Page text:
This duo could eventually be as good as this photo is awkward.
After tonight's (Sunday, Nov 18) loss to the L.A. Lakers, the Houston Rockets had some serious weaknesses exposed. Though they are just a 4-6 team now after the loss, the potential to be a playoff squad is still there if the team continues to gel and works on improving deficiencies.
The talent level in Houston is not on par with the juggernauts in the Western Conference, but they have enough talent to win half their games and make a push for the eighth seed this year. Sitting well under the cap, the Houston Rockets can then make a play for a top free agent to strengthen their lineup around the foundation piece of James Harden.
Acquiring Harden didn't make the Rockets contenders overnight, but it dramatically increased expectations, particularly after Harden put up 37 in his first night as a Rocket against Detroit, then followed that game up two nights later with a 45-point buster in Atlanta.
Harden came down to earth after that, but he was averaging 26.7 points per game going into tonight's contest against the Lakers, and he's scored 20-plus in all but two stinkers in back-to-back games against Memphis and Denver.
Here's a look at five things the Rockets can do to fulfill their immense potential.
Asik needs more help, as this photo indicates.
Omer Asik has been a great presence on the boards, but he's not protecting the basket defensively. Last year, as a member of the Bulls, Asik blocked 2.5 shots per 36 minutes. This year, he's blocking only 1.3 shots per 36.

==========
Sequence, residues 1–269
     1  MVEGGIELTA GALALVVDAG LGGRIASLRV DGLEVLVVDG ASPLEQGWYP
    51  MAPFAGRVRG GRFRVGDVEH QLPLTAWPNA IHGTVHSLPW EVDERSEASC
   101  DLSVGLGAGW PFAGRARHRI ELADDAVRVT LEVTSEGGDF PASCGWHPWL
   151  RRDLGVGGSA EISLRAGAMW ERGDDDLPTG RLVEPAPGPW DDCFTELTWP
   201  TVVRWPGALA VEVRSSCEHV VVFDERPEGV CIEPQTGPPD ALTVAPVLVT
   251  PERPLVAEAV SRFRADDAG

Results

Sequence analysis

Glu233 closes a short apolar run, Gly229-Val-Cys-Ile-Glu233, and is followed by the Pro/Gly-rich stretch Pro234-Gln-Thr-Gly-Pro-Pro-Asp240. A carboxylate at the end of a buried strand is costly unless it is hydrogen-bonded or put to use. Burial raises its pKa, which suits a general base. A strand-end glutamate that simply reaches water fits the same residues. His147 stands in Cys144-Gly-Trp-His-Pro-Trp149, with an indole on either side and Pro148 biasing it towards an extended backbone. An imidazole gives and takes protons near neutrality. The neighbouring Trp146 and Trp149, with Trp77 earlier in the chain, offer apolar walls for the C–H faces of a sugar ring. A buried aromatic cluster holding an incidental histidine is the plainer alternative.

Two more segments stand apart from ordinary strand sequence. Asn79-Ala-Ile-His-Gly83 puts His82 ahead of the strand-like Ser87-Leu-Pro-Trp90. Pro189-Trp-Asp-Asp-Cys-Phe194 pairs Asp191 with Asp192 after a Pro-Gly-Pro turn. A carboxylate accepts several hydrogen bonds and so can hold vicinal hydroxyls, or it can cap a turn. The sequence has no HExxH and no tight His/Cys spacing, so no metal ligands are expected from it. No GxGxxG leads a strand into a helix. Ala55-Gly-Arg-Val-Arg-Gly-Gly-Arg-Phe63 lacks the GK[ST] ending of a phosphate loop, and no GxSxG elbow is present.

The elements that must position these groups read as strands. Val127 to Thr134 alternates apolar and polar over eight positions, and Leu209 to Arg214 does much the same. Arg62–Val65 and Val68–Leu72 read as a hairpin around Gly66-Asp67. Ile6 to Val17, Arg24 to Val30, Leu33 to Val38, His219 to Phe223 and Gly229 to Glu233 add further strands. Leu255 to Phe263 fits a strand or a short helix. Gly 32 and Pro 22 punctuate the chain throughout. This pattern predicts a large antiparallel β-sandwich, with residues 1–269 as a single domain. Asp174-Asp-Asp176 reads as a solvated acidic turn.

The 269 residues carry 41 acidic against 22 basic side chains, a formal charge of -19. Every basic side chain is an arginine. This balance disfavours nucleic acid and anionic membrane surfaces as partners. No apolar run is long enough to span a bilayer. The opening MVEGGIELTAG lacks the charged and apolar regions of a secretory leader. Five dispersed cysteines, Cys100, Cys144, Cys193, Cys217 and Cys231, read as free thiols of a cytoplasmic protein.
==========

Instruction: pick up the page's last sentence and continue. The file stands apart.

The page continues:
Asik has been great on the defensive boards, but the lack of shot-blocking reared its ugly head tonight against the Lakers, as Dwight Howard battered Asik and the rest of the Rockets' weak frontcourt. The Lakers also shot 28 free throws to the Rockets' 18.
Not having a shot-blocker could be a problem all year for the Rockets, as the only player outside of Asik capable of blocking shots is Greg Smith, who isn't even seeing many minutes.
The problem with this "request" of asking the Rockets to strengthen the interior defense is that it isn't a problem that can be addressed by players simply doing things better. They need to fortify the roster.
Asik should be blocking two-plus shots per game, but he's not. Until they land themselves a shot-blocker, teams are going to abuse them around the basket, shoot a lot of free throws and finish a lot of takes to the hole that should have been changed or swatted shots.
Jeremy Lin is shooting 35 percent from the floor this year.
As good as James Harden and Jeremy Lin are as isolation scorers, there is a time and a place for it, and "all game" isn't that time and place. The Rockets are still best, as most teams are, when the ball remains moving.
The talent level surrounding their dynamic backcourt isn't the best, but Patrick Patterson, Chandler Parsons (more on him later), Marcus Morris, Terrence Jones, Toney Douglas and Omer Asik all have the capability of performing a greater role within the offense.
Okay, so maybe not so much for Asik, but the rest of the clan can contribute more than they currently are.
Patterson has a very effective mid-range jumper that can be worked for more than just an occasional opportunity basket.
Morris is a great athlete that still has a lot of potential to fulfill, as he showed at Kansas that he has the makings of an above-average power forward.
Jones is quick and is going to be a great transition scorer in the NBA, and Douglas and Parsons are both capable of filling it up quickly.
Douglas showed in New York he can be a great sixth man and punch off the bench, but so far he's averaging just five points per game, which is less than half his output as a Knick in 2010-11, when he posted 10.6 points per night while hitting almost two threes per game.
The Rockets' mainstays are Lin and Harden, but they won't crack .500 by playing their offense exclusively through the talented tandem. The roster may not be stacked with double-digit scorers, but they have to find a way to get more out of it.
Steal of the 2011 draft class?